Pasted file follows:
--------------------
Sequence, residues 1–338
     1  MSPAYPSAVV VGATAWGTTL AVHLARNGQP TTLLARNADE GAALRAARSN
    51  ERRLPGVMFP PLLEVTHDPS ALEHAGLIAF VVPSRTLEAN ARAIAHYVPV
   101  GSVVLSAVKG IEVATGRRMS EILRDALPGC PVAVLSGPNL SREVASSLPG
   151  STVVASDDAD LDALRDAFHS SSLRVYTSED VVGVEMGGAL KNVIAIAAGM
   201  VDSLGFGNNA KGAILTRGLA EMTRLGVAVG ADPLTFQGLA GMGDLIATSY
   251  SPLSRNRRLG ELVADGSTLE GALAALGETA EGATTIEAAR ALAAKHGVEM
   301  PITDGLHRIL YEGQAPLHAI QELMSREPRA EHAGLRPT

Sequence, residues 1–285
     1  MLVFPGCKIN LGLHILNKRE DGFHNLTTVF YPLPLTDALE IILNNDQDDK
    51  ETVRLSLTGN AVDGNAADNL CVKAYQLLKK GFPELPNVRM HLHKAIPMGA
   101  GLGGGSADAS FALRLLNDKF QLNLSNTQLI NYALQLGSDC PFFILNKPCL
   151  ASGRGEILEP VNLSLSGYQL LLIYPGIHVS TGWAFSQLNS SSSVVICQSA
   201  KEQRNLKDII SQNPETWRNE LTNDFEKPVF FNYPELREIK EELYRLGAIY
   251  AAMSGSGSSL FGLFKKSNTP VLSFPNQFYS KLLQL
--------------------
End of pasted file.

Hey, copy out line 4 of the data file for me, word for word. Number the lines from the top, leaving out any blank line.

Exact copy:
   101  GSVVLSAVKG IEVATGRRMS EILRDALPGC PVAVLSGPNL SREVASSLPG